“HIS legacy and contribution to the automotive industry cannot be understated, the Australian Automotive industry has lost a great friend”. So reads the final line in an obituary notice for Robert James McEniry, posted by GM Holden today.
McEniry, a veteran senior executive of Holden, then Mitsubishi, played a vital role in the development of Australia’s car-making industry.
Having cut his product planning teeth on the VN Commodore as Program Manager, at Holden McEniry was instrumental in keeping the Commodore rear-driven at a time when General Motors was transitioning heavily to transverse-engined underpinnings.
He also laid the foundations for the Commodore’s first – and last – truly indigenous architecture, the Zeta platform.
His impact on rear-drive cars from The General went beyond our borders too – the development of GM’s Sigma platform, which sat underneath Cadillac’s sportier offerings like the CTS, fell under his purview when he was a GM Vehicle Line Executive in the late 1990s.
Back then Holden was still in rude health, with a hefty share of the local market. Nevertheless, McEniry could see the writing was on the wall – future survival lay in adopting a global approach.
In 1998 he told Wheels that “Holden has to become more international. It can’t rely totally on the domestic market for its future volume base… we need to be bigger and planning internationally.”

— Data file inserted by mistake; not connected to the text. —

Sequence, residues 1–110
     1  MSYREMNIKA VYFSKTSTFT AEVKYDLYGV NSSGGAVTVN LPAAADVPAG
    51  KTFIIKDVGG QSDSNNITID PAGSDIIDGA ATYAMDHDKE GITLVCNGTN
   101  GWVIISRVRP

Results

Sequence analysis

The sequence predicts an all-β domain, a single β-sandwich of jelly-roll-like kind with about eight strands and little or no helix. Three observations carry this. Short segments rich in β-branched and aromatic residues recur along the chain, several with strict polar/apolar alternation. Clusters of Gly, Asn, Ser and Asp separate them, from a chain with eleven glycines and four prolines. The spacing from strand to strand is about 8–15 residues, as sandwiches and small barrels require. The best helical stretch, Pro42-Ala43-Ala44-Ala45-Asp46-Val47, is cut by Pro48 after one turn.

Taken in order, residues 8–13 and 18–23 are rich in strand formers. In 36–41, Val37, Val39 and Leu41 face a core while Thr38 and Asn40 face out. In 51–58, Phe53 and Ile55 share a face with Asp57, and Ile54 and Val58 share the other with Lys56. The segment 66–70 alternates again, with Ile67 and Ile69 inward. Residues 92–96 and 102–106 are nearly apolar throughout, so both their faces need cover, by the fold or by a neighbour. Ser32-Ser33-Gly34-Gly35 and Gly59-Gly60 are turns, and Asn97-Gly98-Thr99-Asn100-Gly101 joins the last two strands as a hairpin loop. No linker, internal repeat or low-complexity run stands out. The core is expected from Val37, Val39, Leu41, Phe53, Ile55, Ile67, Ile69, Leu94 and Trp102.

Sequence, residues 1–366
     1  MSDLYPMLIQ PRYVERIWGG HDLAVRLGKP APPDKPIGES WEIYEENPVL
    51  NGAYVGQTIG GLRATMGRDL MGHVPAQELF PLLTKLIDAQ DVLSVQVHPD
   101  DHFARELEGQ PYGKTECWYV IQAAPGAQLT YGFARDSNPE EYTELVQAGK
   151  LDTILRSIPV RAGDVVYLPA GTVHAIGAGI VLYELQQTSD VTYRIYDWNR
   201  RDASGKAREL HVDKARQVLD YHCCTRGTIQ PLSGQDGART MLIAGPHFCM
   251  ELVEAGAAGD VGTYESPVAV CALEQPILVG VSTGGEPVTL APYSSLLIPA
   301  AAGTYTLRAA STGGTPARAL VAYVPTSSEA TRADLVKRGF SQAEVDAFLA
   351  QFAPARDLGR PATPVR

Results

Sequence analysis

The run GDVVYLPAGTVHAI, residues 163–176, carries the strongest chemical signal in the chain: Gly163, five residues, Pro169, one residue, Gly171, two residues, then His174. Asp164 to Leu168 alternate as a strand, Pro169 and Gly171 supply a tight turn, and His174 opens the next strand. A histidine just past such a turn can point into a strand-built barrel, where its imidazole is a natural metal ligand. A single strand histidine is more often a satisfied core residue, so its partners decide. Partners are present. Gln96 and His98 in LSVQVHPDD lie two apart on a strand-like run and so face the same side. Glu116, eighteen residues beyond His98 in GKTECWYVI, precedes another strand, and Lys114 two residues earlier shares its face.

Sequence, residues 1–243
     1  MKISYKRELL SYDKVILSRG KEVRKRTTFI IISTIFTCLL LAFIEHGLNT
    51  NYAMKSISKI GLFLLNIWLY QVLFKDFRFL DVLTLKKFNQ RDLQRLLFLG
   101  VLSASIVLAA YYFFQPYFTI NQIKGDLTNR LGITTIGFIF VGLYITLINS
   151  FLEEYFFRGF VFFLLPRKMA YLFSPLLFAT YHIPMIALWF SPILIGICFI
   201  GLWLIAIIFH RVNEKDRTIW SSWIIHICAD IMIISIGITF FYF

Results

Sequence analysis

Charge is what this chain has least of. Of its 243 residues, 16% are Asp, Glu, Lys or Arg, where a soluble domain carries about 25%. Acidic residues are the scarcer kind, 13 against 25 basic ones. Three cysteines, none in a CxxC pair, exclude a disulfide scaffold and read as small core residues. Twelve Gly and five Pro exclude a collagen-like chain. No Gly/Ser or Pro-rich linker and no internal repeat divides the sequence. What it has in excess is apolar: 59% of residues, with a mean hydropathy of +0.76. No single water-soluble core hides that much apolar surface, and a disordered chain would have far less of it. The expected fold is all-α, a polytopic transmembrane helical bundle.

Sadly, meaty export programs for the Zeta-platformed Commodores never materialised – relative handfuls of exports to the Middle East and the USA weren’t enough to boost production volumes and profits, and the rest is history.
In 2005, McEniry made the move from Holden to Mitsubishi Australia, where he presided over another local manufacturing operation on the hunt for export success. Again, despite pitching the locally-assembled 380 sedan to Mitsubishi’s global network, factors outside of McEniry’s control saw the export potential of that car evaporate. He then had the unenviable task of shutting down the Japanese company’s local plant in Tonsley Park, SA.
Throughout his career McEniry had a reputation for being not only an astute problem-solver, but was also well-liked by colleagues and the media – qualities not universally enjoyed by executive-level staff. He will be missed.